Number of countries growing GM crops declining, new report claims

By on May 4, 2014
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The number of countries cultivating genetically modified (GM) crops is in decline, with Poland and Egypt the latest countries to suspend GM crop production, according to a new report from Friends of the Earth International released this week.

The report ‘Who benefits from GM crops?’ reveals that 90% are grown in just six countries and by less than 1% of the world farming population. An analysis of industry figures shows the claimed increase in GM planting in 2013 remains confined to these six countries, it states.

It goes on to say that there is also little evidence that new GM varieties are the best way to improve nutrition or increase our capacity to adapt to climate change. “GM crops cannot form part of a 21st century solution to the hunger crisis. Despite the hype, GM crops are still based on an outdated chemical-intensive and polluting agricultural model,” said Kirtana Chandrasekaran, Food Sovereignty programme co-ordinator at Friends of the Earth International.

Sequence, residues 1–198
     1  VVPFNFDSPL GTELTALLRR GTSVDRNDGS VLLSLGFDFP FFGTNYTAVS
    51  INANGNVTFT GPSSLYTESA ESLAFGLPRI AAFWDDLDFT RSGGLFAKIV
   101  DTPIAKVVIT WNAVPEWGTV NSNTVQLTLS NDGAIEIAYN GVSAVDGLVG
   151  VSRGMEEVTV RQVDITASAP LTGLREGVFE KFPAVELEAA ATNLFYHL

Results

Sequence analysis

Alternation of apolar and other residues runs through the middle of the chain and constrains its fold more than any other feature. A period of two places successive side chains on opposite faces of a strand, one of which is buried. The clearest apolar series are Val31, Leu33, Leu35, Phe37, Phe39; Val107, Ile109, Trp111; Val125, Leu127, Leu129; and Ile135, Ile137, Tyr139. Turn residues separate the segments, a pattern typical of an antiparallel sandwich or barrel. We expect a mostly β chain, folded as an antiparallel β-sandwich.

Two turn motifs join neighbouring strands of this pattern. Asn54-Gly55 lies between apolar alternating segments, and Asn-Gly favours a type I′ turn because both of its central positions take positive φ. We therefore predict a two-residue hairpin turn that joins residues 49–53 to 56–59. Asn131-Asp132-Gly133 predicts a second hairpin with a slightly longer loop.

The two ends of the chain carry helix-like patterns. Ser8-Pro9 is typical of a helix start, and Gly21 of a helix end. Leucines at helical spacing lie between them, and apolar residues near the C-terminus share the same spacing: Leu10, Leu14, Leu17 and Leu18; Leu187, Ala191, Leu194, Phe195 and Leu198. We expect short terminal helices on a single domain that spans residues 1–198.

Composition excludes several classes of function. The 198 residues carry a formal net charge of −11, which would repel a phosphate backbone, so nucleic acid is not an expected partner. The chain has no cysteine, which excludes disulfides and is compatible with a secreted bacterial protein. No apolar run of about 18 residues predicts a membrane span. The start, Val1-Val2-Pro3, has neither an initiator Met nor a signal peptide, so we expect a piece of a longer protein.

She went on to say that countries such as Mexico, Kenya, Egypt and Poland recently suspended cultivation of certain GM crops, while countries such as the US, Argentina and Brazil, some of the world’s top producers of GM crops, are seeing an upward trend in the use of chemical pesticides as a result of their long-term adoption of GM crops. In the US, 49% of farmers report problems with herbicide resistant weeds, the report states.

In Africa, GM crops are grown only in three countries, South Africa, Burkina Faso and Sudan, while in Europe six countries have banned GM crops and public opinion against them is on the rise, it claims.

 

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